Notable on-air staff[]

  • Martin Berlanga – reporter
  • Raul Peimbert – anchor

Technical information[]


The station's digital signal is multiplexed:

Subchannels of KXLN-DT
Virtual Channel Physical RF Channel Video Aspect Short Name Programming
20.2 30.6 480i 16:9 Movies! ATSC 1.0 simulcast of KTXH-DT2 / Movies!
45.1 30.1 720p KXLN-DT Main KXLN-DT programming / Univision
45.2 30.2 KFTH-D2 Simulcast of KFTH-DT / UniMás
45.3 30.3 480i Mystery Ion Mystery
45.4 30.4 NTD NTD
45.5 30.5 DIGI-TV Digi TV

Former Subchannels[]

The station's digital signal is multiplexed:

Former Subchannels of KXLN-DT
Virtual Channel Physical RF Channel Video Aspect Short Name Programming
45.1 30.1 720p 16:9 KXLN-DT Main KXLN-DT programming / Univision
45.2 30.2 KFTH-D2 Simulcast of KFTH-DT / UniMás
45.3 30.3 480i Mystery Ion Mystery
45.4 30.4 NTD NTD
45.5 30.5 DIGI-TV Digi TV

Analog-to-digital conversion[]

KXLN-DT (as KXLN-TV) discontinued regular programming on its analog signal, over UHF channel 45, on June 12, 2009, the official date in which full-power television stations in the United States transitioned from analog to digital broadcasts under federal mandate. The station's digital signal relocated from its pre-transition UHF channel 46 to channel 45 for post-transition operations.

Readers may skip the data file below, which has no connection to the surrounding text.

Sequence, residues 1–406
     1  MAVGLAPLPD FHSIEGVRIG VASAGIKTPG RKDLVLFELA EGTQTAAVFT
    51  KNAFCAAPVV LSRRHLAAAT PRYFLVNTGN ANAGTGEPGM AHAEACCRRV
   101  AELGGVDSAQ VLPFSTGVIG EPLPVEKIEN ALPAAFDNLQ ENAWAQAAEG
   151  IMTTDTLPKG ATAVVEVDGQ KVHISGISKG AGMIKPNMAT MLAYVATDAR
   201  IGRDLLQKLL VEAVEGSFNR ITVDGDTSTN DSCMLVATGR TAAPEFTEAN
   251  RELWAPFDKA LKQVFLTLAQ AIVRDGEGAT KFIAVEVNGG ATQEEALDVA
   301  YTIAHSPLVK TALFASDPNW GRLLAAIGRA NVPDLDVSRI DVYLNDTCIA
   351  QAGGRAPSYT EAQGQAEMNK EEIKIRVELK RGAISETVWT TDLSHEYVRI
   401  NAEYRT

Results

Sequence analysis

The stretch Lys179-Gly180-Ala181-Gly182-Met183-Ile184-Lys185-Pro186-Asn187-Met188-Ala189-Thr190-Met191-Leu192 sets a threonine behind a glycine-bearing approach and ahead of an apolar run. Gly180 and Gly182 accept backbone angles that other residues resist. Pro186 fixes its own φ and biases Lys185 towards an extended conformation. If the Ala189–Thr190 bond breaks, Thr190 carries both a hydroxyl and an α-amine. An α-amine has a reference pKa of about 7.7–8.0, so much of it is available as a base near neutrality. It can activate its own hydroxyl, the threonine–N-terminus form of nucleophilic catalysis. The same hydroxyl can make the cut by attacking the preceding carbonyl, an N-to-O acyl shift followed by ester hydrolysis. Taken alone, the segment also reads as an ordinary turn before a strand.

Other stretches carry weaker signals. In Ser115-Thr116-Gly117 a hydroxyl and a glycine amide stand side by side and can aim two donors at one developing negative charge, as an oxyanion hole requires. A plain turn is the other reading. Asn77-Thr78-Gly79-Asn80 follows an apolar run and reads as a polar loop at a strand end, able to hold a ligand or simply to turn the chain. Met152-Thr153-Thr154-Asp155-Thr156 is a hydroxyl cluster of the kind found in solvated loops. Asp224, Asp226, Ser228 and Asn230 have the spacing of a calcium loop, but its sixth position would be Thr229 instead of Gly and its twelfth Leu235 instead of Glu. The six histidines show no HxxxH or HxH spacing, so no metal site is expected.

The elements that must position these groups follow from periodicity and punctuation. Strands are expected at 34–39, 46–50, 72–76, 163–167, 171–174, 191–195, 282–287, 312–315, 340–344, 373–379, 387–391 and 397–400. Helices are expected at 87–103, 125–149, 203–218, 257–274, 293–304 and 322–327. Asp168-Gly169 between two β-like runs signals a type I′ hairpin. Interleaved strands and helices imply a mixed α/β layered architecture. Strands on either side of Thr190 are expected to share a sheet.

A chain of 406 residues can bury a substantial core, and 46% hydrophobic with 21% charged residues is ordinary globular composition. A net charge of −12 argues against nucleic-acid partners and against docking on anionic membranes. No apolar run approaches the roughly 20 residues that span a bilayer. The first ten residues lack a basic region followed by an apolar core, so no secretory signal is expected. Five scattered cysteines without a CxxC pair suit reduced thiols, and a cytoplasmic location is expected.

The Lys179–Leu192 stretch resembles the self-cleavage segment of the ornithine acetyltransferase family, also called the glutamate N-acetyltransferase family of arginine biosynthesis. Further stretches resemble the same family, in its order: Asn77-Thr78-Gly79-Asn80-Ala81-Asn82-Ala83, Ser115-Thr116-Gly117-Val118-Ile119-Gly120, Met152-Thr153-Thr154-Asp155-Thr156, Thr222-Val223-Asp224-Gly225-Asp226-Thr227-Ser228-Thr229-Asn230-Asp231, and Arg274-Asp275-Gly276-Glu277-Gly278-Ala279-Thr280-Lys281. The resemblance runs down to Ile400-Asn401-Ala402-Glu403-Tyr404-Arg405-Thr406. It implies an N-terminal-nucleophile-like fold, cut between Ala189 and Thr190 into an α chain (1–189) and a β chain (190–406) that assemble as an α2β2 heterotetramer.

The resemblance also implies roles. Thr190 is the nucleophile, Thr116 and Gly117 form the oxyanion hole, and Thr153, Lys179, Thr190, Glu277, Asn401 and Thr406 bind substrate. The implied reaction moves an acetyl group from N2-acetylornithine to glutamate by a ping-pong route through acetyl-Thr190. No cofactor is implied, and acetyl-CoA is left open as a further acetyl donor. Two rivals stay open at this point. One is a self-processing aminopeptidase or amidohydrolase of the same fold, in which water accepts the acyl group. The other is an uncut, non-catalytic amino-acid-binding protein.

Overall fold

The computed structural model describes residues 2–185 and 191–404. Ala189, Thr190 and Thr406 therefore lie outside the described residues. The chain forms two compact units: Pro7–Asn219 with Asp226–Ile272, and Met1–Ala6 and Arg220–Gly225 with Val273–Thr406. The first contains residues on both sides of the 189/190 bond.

Eleven days later, all Univision owned-and-operated stations, including KXLN, permanently added a "-DT" suffix to their callsigns, in which the station changed from KXLN to KXLN-DT.

TV stations in Texas
Telemundo Azteca América UniMás Univision Other
KBTX-DT3, Bryan KVIA-DT4, El Paso KNIC, Blanco KUPB, Midland K24GP, Lubbock KTSM-DT2, El Paso
KTLE-LD, Odessa KVAT-LD, Garfleld KETF-CD, Laredo KUNU-LD, Victoria K26KJ-D, Ciudad Juárez, Chihuahua-El Paso, TX KLMV-LD, Laredo
KGNS-DT3, Laredo KVDF-CD, San Antonio KTFO-CD, Austin KUVN, Garland KHLM-LD, Houston KVAW, Eagle Pass
KWTX-DT2, Waco KETF-CD4, Laredo KTFV-CD, McAllen KINT, El Paso K17MJ-D, San Antonio KMPX, Decatur
KEYU, Borger KYAZ, Katy KANG-LD, San Angelo KLDO, Laredo K20JT-D, Corpus Christi KWDA-LD, Dallas
KTAB-DT2, Abilene KAZD, Lake Dallas KCRP-CD, Corpus Christi KORO, Corpus Christi KZHO-LD, Lake Jackson
KXTX, Dallas KNWS-LP, Brownsville KSTR, Irving KEUS-LD, San Angelo KTBU, Conroe
KTLM, Rio Grande City KTFN, El Paso KWEX, San Antonio KETK-DT2, Jacksonville
KEYE-DT2, Austin KFTH, Alvin KXLN, Rosenberg KZJL, Houston
KTMD, Galveston KNVO, McAllen KVUE-DT2, Austin
K47DF-D, Corpus Christi KBZO-LD, Lubbock KMBH, Harlingen
KVDA, San Antonio KAKW, Killeen
TV stations in Greater Houston
KUVM-LD 10 (Ind)
KVVV-LD 15 (Word)
KVQT-LD 21 (Ind)
KLTJ 22 (Daystar)
KRIV 26 (Fox)
KIAH 39 (CW)
KPXB 49 (Ion)
KDHU-LD 50 (Daystar)
KUBE 57 (Ind)
KFTH 67 (UMas)